A government spending watchdog has warned that the controversial Garden Bridge could result in the loss of more than £22 million in taxpayers' money.
An investigation by the National Audit Office (NAO) said there was a "significant risk" that the project will not go ahead as the trust responsible for building the bridge had still not secured the land it needs on the south side of the river.
If the project were to be scrapped, the NAO estimated that £22.5 million of the £30 million already invested in the bridge by the Department for Transport would be lost.
The watchdog also found that ministers twice overrode the advice of officials to extend funding to the bridge - despite an initial assessment concluding there was a high risk that the bridge could represent "poor value for money".
On one occasion occasion, the then Prime Minister David Cameron personally intervened to get more taxpayer money allocated to the project. Pressure from No. 10 eventually resulted in the then transport secretary Sir Patrick McLoughlin ordering officials to underwrite £15 million worth of cancellation liabilities.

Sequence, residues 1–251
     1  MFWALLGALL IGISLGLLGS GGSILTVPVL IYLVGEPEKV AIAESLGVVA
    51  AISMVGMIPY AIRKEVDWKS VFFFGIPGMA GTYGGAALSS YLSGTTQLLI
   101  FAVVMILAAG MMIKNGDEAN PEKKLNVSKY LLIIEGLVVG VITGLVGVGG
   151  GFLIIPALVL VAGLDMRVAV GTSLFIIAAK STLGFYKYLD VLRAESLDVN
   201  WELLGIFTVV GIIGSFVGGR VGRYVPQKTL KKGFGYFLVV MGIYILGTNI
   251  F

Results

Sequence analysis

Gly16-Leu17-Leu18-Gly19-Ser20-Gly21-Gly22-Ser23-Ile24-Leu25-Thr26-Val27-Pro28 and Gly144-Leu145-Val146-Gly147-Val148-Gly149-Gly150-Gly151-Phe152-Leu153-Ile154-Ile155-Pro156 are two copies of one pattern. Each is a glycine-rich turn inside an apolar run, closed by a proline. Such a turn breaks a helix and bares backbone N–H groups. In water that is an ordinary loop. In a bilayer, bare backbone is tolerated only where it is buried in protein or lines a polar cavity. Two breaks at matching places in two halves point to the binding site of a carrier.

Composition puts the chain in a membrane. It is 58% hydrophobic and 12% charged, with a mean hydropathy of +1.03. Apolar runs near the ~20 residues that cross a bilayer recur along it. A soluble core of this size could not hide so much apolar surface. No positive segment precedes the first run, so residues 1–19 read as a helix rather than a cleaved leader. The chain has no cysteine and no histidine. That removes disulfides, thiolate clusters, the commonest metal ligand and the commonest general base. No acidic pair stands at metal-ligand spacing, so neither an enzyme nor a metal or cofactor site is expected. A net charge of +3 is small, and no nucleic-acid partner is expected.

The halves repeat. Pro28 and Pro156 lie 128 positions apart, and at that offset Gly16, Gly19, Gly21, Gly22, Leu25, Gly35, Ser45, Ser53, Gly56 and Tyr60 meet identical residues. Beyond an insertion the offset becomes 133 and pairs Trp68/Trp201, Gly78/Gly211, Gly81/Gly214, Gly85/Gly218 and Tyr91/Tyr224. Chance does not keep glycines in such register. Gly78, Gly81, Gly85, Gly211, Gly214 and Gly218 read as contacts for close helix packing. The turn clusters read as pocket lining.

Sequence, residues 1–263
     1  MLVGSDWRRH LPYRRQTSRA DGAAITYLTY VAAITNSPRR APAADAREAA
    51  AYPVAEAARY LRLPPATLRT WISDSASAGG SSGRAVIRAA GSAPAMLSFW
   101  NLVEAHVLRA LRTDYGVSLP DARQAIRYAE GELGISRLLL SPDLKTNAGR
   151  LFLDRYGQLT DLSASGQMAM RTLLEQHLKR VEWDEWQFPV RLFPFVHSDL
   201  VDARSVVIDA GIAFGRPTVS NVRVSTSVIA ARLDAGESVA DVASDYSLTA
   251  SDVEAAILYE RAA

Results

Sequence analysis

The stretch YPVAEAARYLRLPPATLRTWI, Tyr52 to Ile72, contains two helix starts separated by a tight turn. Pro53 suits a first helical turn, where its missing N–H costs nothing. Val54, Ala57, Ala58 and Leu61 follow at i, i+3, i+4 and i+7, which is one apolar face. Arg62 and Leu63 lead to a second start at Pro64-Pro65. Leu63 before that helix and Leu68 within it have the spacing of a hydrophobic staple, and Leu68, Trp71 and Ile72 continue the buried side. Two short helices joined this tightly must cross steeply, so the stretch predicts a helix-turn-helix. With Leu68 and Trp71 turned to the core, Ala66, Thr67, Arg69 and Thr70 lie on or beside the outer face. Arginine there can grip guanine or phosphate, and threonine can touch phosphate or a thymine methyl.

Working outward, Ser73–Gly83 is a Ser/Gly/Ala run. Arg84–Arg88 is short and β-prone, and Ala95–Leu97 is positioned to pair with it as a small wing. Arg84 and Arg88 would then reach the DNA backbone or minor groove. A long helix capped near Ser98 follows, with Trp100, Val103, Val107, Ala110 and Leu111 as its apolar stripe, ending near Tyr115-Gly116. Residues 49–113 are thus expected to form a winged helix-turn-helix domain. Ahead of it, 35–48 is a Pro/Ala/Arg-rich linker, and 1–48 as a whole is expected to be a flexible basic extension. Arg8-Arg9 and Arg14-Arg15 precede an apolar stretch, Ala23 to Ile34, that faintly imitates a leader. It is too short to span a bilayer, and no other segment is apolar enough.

The findings come after current mayor Sadiq Khan ordered an investigation into the spending on the project by his predecessor, Boris Johnson.
The chair of the Public Accounts Commitee, which oversees the NAO's work, said she was 'worried' about the findings.
Government ministers have also agreed that further risk to the taxpayer from the project must be curtailed.